In 2014, our grants served 6,984 women in the Washington region. See more of the impacts our recent grants are having in the region, below:
The Adult and Family Literacy Month blog post below is written by Lecester Johnson, Executive Director of The Women’s Foundation’s Grantee Partner, Academy of Hope.
Beverly S., a recent graduate of Academy of Hope, exclaimed, “Getting my high school diploma is the best!” She adds, “It’s so good to take on a challenge and complete it. It (a high school credential) is already opening up new doors of opportunity for me!”
Beverly, like so many adults in Washington, DC, was desperate to get her high school credential and begin to turn her life around. She was one of the lucky ones. More than 64,000 adults in the District of Columbia lack a high school credential but the city only serves about 7,000 residents through its locally funded adult education programs and adult charter schools. In recent years, Academy of Hope has had a waiting list of over 200 adults each term with the goal of obtaining their GED or improving their academic skills to obtain a better job or to enter college. According to the U.S. Department of Education, over 30 million adults lack a high school credential in the U.S. Across the city, adult education providers report long waiting lists for their services. Yet, for the last ten years, national and local funding has continued to decline, with more cuts to come due to sequestration.
Adult education has been the easy target for cuts as we blame adults for squandering an opportunity – one that some would argue, given the life circumstance of many who drop out, never existed. The ramifications of continued funding cuts in adult education have begun to reveal themselves. The release of survey results from the Program for the International Assessment of Adult Competency (PIAAC) last fall confirmed what many in adult education already knew. American adults are not doing well in literacy, numeracy or problem solving skills compared to other countries. The impact of low literacy extends beyond the adult with low skills. PIACC findings indicate that more than any of the 24 nations participating in the survey, a U.S. parent’s literacy and socioeconomic status had the greatest impact on a child’s ability to succeed in school. Because of this, it is not surprising that U.S. results from the 2012 Program for International Student Assessment, or PISA are also lagging. PISA is designed to test whether high school students can apply what they’ve learned in school to real-life problems.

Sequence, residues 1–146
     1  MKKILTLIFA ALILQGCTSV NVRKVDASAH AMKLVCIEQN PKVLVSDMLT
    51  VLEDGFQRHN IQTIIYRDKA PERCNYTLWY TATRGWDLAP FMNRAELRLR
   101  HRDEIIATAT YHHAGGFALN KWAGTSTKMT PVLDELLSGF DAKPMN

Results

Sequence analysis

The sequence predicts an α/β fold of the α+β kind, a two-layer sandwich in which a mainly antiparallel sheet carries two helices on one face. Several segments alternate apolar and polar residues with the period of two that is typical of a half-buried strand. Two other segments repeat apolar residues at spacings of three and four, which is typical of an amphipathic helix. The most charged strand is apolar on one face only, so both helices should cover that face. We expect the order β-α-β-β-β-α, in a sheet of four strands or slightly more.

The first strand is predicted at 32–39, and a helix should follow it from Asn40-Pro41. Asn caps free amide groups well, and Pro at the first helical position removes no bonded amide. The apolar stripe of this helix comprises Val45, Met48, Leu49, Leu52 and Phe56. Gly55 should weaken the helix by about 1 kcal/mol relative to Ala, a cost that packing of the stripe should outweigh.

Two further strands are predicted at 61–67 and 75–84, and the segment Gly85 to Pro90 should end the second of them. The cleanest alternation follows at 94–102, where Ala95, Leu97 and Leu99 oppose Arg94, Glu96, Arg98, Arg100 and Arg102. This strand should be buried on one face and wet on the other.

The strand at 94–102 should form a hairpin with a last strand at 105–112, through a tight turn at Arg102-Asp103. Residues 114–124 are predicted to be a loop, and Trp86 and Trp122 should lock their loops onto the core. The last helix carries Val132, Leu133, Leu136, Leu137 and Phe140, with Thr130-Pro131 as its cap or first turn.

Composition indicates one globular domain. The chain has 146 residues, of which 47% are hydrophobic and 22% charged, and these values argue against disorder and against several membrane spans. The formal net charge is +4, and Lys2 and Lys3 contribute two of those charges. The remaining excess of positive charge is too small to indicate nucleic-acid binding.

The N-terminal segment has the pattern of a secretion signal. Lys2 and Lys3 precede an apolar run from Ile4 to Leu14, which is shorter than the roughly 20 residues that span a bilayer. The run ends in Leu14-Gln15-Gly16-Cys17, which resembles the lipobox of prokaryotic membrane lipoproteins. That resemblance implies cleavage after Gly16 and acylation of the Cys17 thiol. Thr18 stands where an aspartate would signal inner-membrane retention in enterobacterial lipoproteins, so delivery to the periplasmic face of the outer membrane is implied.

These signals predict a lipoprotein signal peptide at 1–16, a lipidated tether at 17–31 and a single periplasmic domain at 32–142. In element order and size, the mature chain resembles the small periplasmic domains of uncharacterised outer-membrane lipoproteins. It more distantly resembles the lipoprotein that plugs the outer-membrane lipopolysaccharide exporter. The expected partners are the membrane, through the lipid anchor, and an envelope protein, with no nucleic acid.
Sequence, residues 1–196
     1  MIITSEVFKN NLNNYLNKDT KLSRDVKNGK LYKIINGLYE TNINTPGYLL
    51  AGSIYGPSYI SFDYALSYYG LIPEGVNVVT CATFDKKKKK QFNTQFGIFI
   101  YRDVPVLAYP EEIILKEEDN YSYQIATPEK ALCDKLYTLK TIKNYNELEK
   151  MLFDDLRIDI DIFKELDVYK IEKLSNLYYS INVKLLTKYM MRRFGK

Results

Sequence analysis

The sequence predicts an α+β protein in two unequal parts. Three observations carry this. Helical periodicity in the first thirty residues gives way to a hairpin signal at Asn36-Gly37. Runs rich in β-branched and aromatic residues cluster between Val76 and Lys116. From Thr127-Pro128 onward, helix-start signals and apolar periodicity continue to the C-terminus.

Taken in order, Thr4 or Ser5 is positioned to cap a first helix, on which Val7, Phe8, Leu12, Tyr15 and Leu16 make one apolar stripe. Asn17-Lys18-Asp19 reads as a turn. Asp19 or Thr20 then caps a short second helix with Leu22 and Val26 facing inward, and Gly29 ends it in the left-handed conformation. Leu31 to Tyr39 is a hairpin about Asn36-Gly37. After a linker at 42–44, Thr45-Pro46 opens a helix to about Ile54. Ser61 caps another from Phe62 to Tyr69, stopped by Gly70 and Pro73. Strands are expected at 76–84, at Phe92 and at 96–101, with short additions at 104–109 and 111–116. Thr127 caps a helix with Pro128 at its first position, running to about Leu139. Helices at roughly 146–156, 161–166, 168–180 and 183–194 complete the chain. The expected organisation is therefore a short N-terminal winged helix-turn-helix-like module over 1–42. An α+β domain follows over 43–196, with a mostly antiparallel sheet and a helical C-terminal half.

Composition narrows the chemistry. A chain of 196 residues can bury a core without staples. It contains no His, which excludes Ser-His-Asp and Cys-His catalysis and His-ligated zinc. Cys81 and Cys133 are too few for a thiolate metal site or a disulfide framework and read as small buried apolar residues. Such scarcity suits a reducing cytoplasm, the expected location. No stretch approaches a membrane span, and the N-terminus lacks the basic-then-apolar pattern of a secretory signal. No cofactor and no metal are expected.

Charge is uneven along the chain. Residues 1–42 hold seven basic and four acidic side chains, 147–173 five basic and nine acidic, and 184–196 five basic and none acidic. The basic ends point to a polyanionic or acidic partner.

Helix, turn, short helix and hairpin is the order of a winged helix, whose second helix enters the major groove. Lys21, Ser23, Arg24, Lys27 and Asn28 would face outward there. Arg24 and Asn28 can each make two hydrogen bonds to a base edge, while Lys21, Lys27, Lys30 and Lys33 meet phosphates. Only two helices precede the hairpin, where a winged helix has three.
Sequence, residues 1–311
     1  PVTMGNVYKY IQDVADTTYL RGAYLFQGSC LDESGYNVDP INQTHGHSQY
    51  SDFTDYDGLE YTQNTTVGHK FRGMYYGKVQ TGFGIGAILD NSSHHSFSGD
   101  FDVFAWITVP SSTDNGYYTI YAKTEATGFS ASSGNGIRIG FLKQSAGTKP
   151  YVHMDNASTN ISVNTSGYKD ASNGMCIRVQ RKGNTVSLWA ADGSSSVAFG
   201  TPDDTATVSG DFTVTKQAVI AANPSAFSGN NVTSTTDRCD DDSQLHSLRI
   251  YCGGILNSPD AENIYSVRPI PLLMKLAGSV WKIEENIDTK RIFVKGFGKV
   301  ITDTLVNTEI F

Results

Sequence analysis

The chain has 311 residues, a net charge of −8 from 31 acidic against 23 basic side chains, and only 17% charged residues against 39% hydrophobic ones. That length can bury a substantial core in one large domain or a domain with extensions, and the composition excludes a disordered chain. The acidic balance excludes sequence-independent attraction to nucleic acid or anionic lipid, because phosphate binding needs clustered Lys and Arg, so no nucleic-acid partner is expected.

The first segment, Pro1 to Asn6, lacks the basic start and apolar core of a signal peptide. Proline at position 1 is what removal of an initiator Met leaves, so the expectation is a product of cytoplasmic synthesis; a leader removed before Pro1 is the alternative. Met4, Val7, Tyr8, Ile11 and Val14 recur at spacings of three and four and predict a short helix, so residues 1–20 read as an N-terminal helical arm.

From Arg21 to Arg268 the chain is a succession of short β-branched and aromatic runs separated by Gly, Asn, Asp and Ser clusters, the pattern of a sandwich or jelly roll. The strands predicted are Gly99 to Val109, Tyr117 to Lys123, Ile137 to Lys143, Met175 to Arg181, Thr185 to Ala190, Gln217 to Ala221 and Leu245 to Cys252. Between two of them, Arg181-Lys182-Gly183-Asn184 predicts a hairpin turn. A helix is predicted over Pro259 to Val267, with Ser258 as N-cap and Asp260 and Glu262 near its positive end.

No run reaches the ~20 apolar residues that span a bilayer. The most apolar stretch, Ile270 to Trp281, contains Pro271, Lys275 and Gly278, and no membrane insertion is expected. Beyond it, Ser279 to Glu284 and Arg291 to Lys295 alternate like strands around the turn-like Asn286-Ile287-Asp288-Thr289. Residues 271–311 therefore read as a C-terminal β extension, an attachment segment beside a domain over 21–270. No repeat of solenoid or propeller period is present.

When dealing with the drop-out crisis, elected officials often cite stopping the pipeline of dropouts as a justification for increased funding in K-12 education. The pipeline, however, begins with the parent. Parents with strong literacy skills can better help their children do homework, study and succeed in school. According to a 2012 Urban Institute report, young adults whose parents have a high school diploma are more likely to complete high school than are those whose parents do not. They are also less likely to live in poverty.
Beverly S., who is also a mother of two, illustrates the key role a parent’s literacy plays. She says her life has been a struggle but she managed to get by, and she always instilled in her children the importance of learning and finishing high school. Both of her children graduated high school. Her example is also motivating her son to continue his training as an Emergency Medical Technician (EMT) and work towards a stable career.
Beverly has already begun to reap the benefits of her education. Most recently, she applied and was accepted to Public Allies’ DC fellowship program. Through Public Allies, she has been placed at Academy of Hope and serves as our Student Navigator, providing support for fellow adult learners! She says her plan after her 10-month Public Allies fellowship is to enroll in college to study business management. With her high school diploma in hand, Beverly is aiming for a career, not just a job. Her goal is to own her own business, become a consultant to help other small businesses and nonprofits, and someday buy a house of her own.
Katrice Brooks is a student at our Grantee Partner SOME’s Center for Employment Training (CET). Below, Katrice writes about her struggles with transportation and how her long, expensive commute affects her life and prospects for the future.
People opt to use public transportation for a variety of reasons: some to save on the cost of fuel and car maintenance, others to get back the time that they were losing driving. Despite the benefits of driving enjoyed by few, some have no choice in the matter.
As a single mother and full time student, when I think of public transportation one word comes to mind: bittersweet. I am required to get up before the sun has risen every day of the week to take my daughter to daycare and to be at school before 8:30am. My daughter, Lauren, is 20 months old, and because it is usually so early in the morning, I have to carry her in one arm with my school books in the other because she is usually still asleep. Traffic jams are very common during rush hours, meaning even more time on the bus, in bumper-to-bumper traffic, and less time spent where I really want to be. I spend most of my time on public transportation, catching the eight buses a day I need to make it to where I need to be on time. In this modern society, this is what I have to do to access my education, jobs, events and social network.